In the annals of design histories, one new book is perhaps the most exhaustive effort yet undertaken. The World History of Design (Bloomsbury), divided into three volumes, begins with the pre-hominids and ends—at least, the second volume, available April 23, does—with World War II. Its author, Victor Margolin, the professor emeritus of design history at the University of Illinois, Chicago, has intersected the design disciplines to map a unique history from a number of international events and disparate personae.
The book is unique for its inclusivity, which reaches far beyond Western design research’s usual orbit. Margolin, who has been an editor of MIT's journal Design Issues since 1985, begins his study with the first users of tools. “What we call design today,” he told me by way of explanation, “is continuous with the basic human need to organize the material environment for survival purposes.”
With that thesis in mind, Margolin defined two kinds of design: design with a small "d"—by his definition, what people have always created to satisfy needs and organize their environment—and Design with a big "D"—his word for the official term associated with mass production and mass communication that may be its closest association today.
Design, in Margolin’s analysis, is an activity that has always been central to the creation of culture. But, he says, “Somewhere along the line it became marginalized as an artistic or aesthetic practice only, which obscured our awareness of all the designing that was going on that did not fit that category.” One of his objectives in publishing the books was to demonstrate that design and its history is inextricably linked to past economic, political, and cultural structures. To counteract the field’s perceived artsy marginality, Margolin wrote with a broad audience in mind—though, with a list price of $575 for the first two volumes, the World History of Design may not yet be for everyone.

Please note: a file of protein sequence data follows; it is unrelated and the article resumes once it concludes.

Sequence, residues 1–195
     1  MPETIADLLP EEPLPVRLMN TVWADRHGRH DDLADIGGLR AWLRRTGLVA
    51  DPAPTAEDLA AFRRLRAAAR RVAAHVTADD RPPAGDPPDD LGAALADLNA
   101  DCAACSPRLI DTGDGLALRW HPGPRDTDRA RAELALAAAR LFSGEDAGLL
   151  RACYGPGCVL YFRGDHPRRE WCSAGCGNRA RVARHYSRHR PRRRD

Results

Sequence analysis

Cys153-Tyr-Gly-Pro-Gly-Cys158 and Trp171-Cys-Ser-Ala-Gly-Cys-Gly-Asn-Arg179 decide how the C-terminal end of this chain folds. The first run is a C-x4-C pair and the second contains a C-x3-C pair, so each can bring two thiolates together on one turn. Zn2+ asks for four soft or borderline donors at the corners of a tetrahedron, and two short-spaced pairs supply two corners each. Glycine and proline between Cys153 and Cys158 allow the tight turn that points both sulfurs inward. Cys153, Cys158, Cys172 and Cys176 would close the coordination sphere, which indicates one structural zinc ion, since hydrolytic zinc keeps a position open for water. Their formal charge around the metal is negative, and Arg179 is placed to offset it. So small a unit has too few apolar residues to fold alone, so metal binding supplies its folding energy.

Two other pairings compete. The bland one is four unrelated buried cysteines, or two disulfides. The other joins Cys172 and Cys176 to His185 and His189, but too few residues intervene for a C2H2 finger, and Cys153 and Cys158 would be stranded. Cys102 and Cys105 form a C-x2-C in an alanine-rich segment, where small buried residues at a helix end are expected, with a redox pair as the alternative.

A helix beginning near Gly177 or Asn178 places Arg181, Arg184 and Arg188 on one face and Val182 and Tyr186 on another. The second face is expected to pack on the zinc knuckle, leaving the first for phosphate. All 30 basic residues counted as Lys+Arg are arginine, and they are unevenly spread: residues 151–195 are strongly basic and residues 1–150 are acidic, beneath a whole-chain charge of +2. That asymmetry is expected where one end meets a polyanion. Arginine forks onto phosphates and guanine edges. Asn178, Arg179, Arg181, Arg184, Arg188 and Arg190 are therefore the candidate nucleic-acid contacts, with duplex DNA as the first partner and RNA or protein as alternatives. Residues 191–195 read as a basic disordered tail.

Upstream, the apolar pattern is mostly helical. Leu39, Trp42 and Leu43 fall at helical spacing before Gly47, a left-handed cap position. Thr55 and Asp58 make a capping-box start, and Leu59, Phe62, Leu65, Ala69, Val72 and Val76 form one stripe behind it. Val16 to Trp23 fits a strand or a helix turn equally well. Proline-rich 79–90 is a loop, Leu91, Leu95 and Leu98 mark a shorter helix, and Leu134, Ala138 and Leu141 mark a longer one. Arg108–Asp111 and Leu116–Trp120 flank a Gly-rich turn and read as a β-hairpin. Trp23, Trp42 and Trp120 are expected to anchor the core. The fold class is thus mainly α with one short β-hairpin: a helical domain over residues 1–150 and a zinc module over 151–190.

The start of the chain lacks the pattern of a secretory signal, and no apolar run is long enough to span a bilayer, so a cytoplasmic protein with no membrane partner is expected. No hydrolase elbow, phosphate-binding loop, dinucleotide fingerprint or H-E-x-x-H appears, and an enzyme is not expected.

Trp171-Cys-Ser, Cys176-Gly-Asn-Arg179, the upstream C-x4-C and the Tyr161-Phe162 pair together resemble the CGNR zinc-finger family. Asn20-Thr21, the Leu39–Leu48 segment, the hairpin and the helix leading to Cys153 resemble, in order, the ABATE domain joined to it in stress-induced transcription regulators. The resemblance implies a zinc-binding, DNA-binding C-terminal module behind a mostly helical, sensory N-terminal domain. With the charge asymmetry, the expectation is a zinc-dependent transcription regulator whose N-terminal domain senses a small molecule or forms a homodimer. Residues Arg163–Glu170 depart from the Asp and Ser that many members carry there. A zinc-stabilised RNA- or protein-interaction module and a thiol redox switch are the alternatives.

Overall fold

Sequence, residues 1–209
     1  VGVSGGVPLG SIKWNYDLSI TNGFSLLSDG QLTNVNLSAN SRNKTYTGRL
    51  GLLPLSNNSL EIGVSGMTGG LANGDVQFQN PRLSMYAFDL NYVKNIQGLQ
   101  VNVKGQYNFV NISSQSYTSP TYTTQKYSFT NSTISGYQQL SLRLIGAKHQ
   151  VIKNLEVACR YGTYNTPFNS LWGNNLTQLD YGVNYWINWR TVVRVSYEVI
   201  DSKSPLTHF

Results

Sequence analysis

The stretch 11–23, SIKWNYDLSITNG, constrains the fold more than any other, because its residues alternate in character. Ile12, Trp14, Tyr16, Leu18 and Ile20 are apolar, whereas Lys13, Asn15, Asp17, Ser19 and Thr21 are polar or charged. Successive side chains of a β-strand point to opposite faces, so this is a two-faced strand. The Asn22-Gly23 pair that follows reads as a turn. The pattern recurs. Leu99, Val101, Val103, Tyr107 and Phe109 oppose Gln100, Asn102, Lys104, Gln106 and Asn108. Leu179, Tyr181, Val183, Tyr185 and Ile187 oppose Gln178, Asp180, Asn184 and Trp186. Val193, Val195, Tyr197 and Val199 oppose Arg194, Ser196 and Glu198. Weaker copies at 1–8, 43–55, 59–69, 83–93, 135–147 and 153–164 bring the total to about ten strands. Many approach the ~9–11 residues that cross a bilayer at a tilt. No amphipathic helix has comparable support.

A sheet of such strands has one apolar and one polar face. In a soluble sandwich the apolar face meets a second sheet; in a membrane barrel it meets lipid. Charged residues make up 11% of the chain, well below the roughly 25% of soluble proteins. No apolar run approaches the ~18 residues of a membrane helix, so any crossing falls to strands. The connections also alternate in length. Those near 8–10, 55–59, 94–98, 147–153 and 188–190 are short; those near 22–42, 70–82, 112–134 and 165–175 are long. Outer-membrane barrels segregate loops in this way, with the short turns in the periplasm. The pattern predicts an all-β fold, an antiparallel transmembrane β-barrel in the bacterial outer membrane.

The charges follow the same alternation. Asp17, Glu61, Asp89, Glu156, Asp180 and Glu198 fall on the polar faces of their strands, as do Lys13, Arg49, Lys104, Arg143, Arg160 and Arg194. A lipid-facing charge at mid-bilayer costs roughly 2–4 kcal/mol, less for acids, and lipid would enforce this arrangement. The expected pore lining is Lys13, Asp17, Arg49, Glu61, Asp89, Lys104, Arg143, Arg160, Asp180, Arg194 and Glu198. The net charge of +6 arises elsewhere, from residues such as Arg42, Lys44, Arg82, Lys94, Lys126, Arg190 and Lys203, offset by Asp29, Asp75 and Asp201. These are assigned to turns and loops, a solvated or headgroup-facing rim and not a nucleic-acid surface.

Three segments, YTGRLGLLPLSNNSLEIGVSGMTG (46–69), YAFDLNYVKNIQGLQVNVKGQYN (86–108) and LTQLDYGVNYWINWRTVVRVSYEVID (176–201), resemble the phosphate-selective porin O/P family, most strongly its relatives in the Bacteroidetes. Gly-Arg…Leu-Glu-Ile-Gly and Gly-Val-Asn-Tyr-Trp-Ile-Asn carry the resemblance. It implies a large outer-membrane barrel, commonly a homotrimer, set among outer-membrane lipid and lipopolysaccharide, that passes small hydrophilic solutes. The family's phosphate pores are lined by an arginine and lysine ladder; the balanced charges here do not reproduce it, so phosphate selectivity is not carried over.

Central to the project was the intent to reveal design hiding in plain sight. Margolin, who teaches survey courses, uncovered during his research several early examples of design he wouldn’t normally teach—Braille, early limb prosthetics, and the miniature furniture and learning aids pioneered by Maria Montessori. Most exciting to him, he says, was learning about the centrality of military-weapons design to the history of warfare. During World War II, for example, the British developed early theories of human-machine interaction as part of their operations research: “The problems of designing weaponry on a mass scale as occurred in the United States engendered many new ways of organizing research and production,” he said.
Busting the Western-centric canon of design was not Margolin’s overt intent, but it certainly is a consequence of his historical overview. He includes Africa and parts of Asia; studies how companies like Ford Motors became international, and how the British Commonwealth balanced imports and exports. “I was able to add a lot of material that is of cultural interest and full of visual richness even though it does not meet the dominant culturally determined aesthetic standards,” he said.
Margolin views his History as an armature that will support more writing and research to come. “Having one comprehensive world history can provide a framework for lots of other people to do research,” he said. “The research just keeps getting deeper and new questions continue to arise. That goes for design history, as well as other histories.”